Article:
And so that mindset took a long time to learn, and so I would go back and try to give myself that wisdom. But I’m really glad with the lessons that I’ve learned in the past. The other thing, too is really sorry, let me rewind. There’s so many examples of when I was working with a client that I was just more focused on the money that was getting paid than the actual product I was producing, which is hard to say, but there’s definitely times where I would take on a gig that I wasn’t passionate about, and I was just doing it for the extra $100. The extra whatever. And I wasn’t thinking about how if I put in the work now and if I give them a product that’s above and beyond and try to put my best work into this. And this didn’t happen every time, but there’s a few where I would just get lazy and I’m just like giving them the bare minimum. I didn’t think about how they could be a returning client and I would just kind of get the paycheck and dip and I wasn’t as focused on building good relationships with brands as much as just giving them whatever they needed and then just being like, okay, thanks.

[00:20:31.930] – Evan France

Reach out if you need more, but not really engaging with them. And so that’s definitely something I’d go back and do, is put it all out there and engage with the brands I’m working with. Being overly thankful that they even wanted to work with me in the first place and treating them as such instead of just being like, okay, I’m glad you’re giving me this money, and I’m just going to give you what isn’t in our contract, but just going over above and beyond and making myself the first name that comes to mind in their head when they think of.

[00:21:07.190] – Seth

Maintaining consistent relationships with your clients so they become consistent. I mean, that’s kind of the name of the game, kind of a speed round. What resources or YouTube videos, what do you subscribe to or pay for to stay up to date on industry happenings and just staying on top of your craft?

[00:21:29.390] – Evan France

Yeah, a couple of workshops helped me out a lot. There were some really specific photography business things that I wanted to know about people from my industry that are much more successful. I wanted to know more about that. And there’s not many resources online that go in depth into how an adventure photographer or automotive photographer is running their business. And I found that some online photography workshops helped a ton with that. So in 2020, I got Alex Strolls and we can maybe link this later. Alex Stroll is an amazing photographer and I got his workshop called the Adventure Pro Workshop and that really helped me a ton. He gave us so many details about how to write invoices and how to engage with clients, how to pitch clients consistently, how to build pitch decks, all this kind of stuff that was all kind of foreign to me because I was just kind of doing it by the seat of my pants, and I didn’t know there was much structure to it. And then I also love Aaron Brimhall, who’s an amazing automotive photographer, his workshop as well. He goes into more depth on how to shoot for really high end car brands and what he does when he’s approaching those gigs and then editing as well.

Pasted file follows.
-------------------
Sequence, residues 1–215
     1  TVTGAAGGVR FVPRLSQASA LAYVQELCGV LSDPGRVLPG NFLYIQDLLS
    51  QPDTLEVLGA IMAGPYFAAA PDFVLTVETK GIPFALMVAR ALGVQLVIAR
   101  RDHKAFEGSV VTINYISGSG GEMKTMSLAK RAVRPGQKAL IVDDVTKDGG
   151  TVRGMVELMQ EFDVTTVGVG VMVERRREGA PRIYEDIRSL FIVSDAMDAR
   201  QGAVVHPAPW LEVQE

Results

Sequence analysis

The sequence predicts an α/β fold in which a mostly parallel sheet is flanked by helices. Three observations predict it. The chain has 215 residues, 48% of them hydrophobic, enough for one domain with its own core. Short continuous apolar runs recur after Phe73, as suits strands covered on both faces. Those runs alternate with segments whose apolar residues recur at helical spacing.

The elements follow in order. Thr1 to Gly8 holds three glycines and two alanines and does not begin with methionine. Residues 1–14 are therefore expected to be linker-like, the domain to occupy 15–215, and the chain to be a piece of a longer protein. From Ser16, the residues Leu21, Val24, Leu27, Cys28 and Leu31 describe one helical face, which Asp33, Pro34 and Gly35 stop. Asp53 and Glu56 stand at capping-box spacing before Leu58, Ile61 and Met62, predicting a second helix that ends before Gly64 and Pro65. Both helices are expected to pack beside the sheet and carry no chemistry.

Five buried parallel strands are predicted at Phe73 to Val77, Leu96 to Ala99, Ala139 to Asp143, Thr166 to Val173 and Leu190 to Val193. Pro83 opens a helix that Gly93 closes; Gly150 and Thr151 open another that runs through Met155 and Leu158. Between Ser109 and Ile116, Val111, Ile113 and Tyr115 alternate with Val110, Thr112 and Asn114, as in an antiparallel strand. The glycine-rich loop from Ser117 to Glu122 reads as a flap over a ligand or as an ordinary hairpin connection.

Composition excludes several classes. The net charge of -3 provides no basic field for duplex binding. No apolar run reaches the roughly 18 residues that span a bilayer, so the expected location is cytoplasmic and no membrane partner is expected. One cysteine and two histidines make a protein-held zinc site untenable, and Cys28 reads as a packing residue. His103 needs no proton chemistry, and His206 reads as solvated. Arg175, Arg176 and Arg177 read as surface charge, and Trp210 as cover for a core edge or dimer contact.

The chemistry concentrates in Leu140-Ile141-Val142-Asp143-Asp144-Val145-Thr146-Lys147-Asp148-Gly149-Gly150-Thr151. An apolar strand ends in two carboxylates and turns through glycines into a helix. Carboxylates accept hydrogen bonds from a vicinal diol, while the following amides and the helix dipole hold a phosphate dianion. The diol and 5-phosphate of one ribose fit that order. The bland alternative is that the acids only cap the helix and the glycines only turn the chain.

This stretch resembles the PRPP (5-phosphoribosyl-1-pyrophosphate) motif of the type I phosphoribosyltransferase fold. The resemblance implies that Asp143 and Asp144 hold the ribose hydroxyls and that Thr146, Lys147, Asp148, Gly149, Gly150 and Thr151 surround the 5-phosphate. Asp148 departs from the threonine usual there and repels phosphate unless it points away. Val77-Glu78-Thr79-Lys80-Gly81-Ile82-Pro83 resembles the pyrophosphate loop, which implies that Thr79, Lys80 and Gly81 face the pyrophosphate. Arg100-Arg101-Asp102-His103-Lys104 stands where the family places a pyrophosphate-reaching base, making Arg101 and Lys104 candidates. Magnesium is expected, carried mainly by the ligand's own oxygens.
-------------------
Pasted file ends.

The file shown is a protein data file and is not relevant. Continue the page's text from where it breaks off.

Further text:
[00:22:45.560] – Evan France

So just finding a I would say this, if you have like a favorite photographer or videographer that has a pretty good online social following, I’m sure they have some workshop or resources online. So I would just kind of do some digging, go to maybe one of those workshop hosting sites, and I’m sure you can find some really good resources. And the great thing is that they’re only like three to 12 hours of content instead of paying for a college class that’s never going to go as specific into that genre as you want. And so those resources have been huge. I consistently digest YouTube videos of my favorite creators. There’s some I’ll follow some film photographers, a lot of point of view automotive photographers. So they’ll wear a camera on their chest and they’ll show the entirety of a photo shoot. That gives me a lot of really cool creative ideas. And then the other one I would say is Colin and Samir. They do creator support podcast and create a lot of awesome content surrounding the creator economy, which they’ve coined. And all of their stuff is awesome. I subscribe to it weekly.

[00:23:57.410] – Seth

Nice stuff. So go check all that out. We’ll have those Linked as best as we can. How can people learn more? Or, I guess, how or where do they go to learn more about you, Evan?

[00:24:11.570] – Evan France

Yeah, I post most of my behind the scenes and some of the content that I’m shooting on Instagram. I would say that’s where the most people are, even though it’s not a lot. And then I’ve started posting more consistently on TikTok and YouTube shorts. And then I also have a YouTube channel that I’ll be posting more photography and videography related content on. And that’s all at Evan France Media for you. And there’ll be links as well.

[00:24:43.390] – Seth

Evan, that’s the end of this. I appreciate you chatting. If anybody’s still listening or catch this later, this full interview and video and podcast and transcript form will be on Seth Kingdon. That’s S-E-T-H kingdon. You can check that out. But Evan, thank you so much for being here. Best of luck to you. Hope you land at least two more, maybe multiple more clients in the months to come.

[00:25:09.970] – Evan France


[00:25:10.500] – Seth

Cool, man. Take it easy. Thanks.